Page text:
Tuesday, March 5, 2013

Everyday tasks - multiple outcomes

Yesterday I outlined why I believe multi-tasking is often counter productive.

One email respondent rightly pointed out that 'multitasking does not actually exist, unless one task is so easy that you do it automatically (breathing, driving on the highway, eating, etc...)'.

Still it is worthwhile for individuals to consider the disruptive effects of having several tasks on the go at the same time. Deferring the start of a task may not delay it (tasks B and C in yesterday's example).

For schools and other organisations multi-tasking is certainly possible - numerous tasks can be undertaken simultaneously by the school. In fact this is one of the main reasons for organising any organisation: to undertake several task at the same time.

In order to be more efficient and effective the school needs to minimise the disruptive effects of multi-tasking,  especially the disruptive effects of development. This can be achieved by minimising Change while maximising Improvement.

The alternative to multi-tasking is Multiple Outcomes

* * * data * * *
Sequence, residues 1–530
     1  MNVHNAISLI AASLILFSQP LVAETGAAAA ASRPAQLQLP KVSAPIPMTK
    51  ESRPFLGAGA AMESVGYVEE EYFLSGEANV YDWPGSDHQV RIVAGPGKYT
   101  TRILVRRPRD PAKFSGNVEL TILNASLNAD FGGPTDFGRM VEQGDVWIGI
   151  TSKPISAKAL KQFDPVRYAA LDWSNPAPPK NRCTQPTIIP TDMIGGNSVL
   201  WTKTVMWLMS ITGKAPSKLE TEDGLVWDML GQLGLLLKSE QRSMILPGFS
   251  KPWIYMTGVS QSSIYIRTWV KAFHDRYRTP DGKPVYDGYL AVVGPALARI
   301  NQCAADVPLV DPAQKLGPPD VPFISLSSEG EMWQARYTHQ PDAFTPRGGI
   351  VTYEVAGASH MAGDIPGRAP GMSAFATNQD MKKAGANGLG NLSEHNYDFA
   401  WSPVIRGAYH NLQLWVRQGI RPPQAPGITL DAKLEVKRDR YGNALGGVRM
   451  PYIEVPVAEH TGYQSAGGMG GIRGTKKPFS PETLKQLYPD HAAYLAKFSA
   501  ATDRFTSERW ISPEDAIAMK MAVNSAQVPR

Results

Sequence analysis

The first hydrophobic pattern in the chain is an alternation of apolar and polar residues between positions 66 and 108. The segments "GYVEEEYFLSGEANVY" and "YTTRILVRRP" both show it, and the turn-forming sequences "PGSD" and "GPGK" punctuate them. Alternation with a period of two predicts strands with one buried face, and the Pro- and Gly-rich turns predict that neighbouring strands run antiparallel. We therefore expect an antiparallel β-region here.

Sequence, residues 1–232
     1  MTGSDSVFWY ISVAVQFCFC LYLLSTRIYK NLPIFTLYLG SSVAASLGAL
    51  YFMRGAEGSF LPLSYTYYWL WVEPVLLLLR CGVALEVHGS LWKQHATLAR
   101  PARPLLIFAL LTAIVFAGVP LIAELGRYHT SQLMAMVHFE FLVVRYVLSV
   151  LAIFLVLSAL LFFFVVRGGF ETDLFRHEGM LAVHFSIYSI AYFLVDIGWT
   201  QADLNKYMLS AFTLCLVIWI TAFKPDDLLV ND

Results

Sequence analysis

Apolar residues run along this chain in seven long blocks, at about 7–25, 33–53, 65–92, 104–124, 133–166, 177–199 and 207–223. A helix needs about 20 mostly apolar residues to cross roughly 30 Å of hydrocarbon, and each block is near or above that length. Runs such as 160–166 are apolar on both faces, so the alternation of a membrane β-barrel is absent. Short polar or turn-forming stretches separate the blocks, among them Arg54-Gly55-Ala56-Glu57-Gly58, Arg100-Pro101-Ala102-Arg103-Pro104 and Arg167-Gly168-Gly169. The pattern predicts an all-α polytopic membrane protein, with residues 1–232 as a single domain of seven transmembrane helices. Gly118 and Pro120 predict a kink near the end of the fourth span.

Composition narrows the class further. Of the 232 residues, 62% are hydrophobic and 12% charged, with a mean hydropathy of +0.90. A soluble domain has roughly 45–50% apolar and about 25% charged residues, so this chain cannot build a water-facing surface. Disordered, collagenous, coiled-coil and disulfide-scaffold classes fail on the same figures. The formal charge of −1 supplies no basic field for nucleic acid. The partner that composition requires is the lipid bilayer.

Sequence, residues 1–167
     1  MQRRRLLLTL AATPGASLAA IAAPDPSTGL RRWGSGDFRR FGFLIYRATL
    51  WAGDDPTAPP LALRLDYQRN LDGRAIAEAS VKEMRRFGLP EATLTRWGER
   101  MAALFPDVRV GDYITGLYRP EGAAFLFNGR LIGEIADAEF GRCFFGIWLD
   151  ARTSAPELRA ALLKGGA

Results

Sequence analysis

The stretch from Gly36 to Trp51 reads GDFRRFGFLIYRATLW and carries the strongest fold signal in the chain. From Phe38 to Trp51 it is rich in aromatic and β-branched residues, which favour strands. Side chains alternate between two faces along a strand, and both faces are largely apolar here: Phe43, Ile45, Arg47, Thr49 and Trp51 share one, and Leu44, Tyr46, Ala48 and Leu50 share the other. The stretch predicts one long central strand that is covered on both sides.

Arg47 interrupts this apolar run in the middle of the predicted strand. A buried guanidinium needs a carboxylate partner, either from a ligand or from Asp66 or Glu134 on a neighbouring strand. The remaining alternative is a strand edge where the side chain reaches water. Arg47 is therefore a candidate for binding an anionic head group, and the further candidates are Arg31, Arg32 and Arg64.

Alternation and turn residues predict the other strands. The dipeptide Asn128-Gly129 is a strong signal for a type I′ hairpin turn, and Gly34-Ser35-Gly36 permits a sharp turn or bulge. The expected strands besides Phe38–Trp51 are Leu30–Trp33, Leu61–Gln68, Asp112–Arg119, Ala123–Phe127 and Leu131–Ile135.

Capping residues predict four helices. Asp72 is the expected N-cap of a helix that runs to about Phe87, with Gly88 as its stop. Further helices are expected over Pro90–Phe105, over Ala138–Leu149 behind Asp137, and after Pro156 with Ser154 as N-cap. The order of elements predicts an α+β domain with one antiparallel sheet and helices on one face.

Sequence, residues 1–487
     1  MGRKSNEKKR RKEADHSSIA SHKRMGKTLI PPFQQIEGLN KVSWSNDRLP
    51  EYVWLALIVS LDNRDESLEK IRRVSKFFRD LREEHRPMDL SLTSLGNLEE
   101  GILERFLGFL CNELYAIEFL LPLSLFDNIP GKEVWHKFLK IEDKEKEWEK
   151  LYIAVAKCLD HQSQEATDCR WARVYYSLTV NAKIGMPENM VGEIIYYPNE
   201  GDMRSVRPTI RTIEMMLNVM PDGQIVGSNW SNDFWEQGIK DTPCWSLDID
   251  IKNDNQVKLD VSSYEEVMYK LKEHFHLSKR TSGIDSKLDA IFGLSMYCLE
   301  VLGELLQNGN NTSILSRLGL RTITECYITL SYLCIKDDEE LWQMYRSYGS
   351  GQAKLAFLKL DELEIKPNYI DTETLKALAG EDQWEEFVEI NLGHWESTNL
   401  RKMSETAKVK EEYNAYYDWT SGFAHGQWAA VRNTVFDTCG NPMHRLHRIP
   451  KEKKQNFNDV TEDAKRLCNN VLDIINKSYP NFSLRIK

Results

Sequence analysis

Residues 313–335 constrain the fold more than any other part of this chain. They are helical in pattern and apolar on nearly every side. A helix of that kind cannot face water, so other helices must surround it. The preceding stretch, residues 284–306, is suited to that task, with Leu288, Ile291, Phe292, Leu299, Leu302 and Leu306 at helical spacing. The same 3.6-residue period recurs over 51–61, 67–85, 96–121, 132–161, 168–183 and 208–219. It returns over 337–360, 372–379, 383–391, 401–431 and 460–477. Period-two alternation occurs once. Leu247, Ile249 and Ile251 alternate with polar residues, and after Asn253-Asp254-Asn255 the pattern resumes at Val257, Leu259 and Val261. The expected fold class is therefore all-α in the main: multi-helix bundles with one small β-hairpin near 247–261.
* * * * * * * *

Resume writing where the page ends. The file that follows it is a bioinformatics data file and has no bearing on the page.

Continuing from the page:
One way to do this is embed ongoing development into the everyday tasks being undertaken. This means achieving multiple outcomes from each task:
  • complete each task well
  • complete the task at the first attempt
  • improve the process
    • make it easier
    • reduce the likelihood of errors/oversights (and rework)
    • stop doing unnecessary steps
    • get the timing right
    • get the right people doing each step
    • find other useful applications for the process
    • ...
  • learn from doing
  • capture the learning (e.g., document major processes - example)
  • embed the above into the school's culture (e.g., job description)

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